The World Wide Web sells for $5.4 million
By Coral Murphy Marcos and Scott Reyburn
NFTs, the hot collectible that has been embraced by the founder of Twitter, the National Basketball Association and the artist who created a flying cat with a Pop-Tart body, has cast its reach back to the beginning of the digital age: the source code to an early version of World Wide Web.
Sotheby’s on Wednesday auctioned off the code, created by Tim Berners-Lee, in the form of a nonfungible token, or NFT, for $5.4 million with fees. Sotheby’s said it was accepting payment in cryptocurrency for both the hammer price and its buyer fee.
The winning bidder will remain anonymous, per auction house rules, but that could change if the buyer steps forward.
Bidding began at $1,000, and bidders had a week to name their highest price in the auction, called “This Changed Everything.” The NFT attracted 51 bids, according to Sotheby’s website, and the proceeds will go toward unnamed initiatives supported by Berners-Lee. Unlike some NFTs, the offering failed to inspire a last-minute flurry of demand; the winning bid was offered just under 10 minutes before the close of the auction.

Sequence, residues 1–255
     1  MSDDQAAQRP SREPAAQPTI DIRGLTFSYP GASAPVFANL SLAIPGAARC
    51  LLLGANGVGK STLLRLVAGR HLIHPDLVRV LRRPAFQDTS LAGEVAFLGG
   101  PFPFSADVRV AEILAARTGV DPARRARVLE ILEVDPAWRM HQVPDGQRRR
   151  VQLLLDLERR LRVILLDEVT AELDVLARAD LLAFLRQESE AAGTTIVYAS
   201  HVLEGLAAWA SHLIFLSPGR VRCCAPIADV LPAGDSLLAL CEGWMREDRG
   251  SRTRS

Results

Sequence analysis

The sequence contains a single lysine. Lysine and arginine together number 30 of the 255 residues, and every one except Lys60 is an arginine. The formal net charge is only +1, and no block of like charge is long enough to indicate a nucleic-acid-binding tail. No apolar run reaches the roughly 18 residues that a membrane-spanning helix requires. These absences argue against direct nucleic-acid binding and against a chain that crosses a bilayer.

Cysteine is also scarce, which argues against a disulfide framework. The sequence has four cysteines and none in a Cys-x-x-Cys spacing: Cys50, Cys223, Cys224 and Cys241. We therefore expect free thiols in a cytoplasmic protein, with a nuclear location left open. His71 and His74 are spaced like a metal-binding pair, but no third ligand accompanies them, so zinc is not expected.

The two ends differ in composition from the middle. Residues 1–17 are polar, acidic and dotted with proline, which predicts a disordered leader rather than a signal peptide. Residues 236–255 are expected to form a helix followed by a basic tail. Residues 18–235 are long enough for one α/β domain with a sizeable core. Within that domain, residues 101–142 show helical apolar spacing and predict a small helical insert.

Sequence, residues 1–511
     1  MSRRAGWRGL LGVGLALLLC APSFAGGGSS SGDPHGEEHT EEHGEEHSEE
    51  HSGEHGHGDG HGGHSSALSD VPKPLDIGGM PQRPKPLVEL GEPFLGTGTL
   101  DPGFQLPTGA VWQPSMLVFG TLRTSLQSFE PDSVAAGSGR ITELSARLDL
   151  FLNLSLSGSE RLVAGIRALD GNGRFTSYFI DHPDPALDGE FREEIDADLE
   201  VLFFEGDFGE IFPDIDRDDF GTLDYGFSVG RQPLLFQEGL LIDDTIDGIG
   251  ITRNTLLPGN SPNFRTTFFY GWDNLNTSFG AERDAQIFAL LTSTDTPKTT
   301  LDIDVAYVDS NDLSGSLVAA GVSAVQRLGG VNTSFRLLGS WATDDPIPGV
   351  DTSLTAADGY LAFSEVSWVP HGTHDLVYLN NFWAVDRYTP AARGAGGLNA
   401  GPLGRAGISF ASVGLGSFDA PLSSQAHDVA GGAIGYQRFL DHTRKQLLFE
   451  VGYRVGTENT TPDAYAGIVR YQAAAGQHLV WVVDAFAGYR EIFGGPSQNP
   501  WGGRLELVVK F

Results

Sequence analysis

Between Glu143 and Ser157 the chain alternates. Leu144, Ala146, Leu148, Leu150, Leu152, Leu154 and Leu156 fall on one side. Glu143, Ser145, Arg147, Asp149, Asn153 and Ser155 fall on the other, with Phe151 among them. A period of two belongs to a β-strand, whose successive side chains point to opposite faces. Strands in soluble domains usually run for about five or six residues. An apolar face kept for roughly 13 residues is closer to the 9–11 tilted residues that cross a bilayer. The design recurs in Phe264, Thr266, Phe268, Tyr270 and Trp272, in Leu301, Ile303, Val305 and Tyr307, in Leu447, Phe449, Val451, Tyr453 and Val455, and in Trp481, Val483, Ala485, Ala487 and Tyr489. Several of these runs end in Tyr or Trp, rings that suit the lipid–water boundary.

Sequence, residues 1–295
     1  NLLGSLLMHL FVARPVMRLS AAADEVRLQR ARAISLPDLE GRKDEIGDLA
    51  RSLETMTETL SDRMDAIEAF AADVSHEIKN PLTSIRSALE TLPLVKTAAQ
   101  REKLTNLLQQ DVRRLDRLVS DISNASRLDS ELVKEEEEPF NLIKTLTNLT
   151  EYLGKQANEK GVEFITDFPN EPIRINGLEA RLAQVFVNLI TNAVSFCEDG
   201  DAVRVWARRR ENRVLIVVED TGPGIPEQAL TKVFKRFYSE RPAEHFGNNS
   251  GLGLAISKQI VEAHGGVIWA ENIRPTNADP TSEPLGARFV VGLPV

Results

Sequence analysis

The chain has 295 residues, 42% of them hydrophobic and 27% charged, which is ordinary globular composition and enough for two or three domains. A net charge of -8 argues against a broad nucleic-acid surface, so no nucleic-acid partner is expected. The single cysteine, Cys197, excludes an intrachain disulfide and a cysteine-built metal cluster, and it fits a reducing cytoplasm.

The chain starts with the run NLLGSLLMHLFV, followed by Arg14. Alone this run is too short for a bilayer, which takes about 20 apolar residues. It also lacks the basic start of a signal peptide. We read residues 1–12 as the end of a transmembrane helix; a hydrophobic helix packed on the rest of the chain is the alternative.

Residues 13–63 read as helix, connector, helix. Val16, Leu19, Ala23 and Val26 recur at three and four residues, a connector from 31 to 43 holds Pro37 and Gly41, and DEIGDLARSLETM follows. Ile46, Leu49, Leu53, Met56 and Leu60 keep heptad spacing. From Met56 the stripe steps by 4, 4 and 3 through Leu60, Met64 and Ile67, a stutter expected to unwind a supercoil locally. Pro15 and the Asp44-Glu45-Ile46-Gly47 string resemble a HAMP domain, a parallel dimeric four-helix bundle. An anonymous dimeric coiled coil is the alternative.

The code includes the first web browser and early versions of methods computers still use to talk with each other, including the Hypertext Transfer Protocol, known as HTTP, and HyperText Markup Language, known as HTML.
“It’s nice to see it sell for a value commensurate with its historic significance,” said Jeremy Norman, a California-based rare book and manuscripts dealer specializing in the history of science.
He regards Berners-Lee’s 1989 invention as an innovation as significant as Johannes Gutenberg’s development of movable type in the 15th century. “It’s unbelievably important in the history of science and technology,” Norman said.
The NFT is an early copy of the code, a version of which has long been available in the public domain, but the token auctioned by Sotheby’s represents the original archive of the time-stamped files. “It’s authenticating that first code that was created and then selling it as memorabilia,” said Merav Ozair, an assistant professor who teaches finance and technology at Rutgers Business School.
The auction included the original time-stamped files containing the source code, an animated visualization of the code, a letter written by Berners-Lee reflecting on the code and the process of creating it, and a digital poster of the full code from the original files.
“We couldn’t have sold this 10 years ago, but now NFTs have enabled us to do it,” Cassandra Hatton, a vice president and global head of science and popular culture at Sotheby’s, said in an interview. “Previously in the history of science you had manuscripts you could hold in your hand. As we move forward, more and more of these manuscripts are created in a digital format.” She noted, however, that the code that was auctioned “does not represent any ownership of the World Wide Web as an application.”